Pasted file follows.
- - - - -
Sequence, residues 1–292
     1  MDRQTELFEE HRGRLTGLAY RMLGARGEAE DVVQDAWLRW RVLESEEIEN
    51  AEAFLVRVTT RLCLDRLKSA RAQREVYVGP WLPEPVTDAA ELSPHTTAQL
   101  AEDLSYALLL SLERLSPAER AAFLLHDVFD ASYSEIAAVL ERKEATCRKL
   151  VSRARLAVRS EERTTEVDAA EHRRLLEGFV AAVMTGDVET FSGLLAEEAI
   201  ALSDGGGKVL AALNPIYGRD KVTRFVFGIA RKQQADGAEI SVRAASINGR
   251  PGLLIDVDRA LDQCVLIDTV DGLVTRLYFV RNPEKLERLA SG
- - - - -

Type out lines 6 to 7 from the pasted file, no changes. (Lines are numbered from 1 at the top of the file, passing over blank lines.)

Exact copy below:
   201  ALSDGGGKVL AALNPIYGRD KVTRFVFGIA RKQQADGAEI SVRAASINGR
   251  PGLLIDVDRA LDQCVLIDTV DGLVTRLYFV RNPEKLERLA SG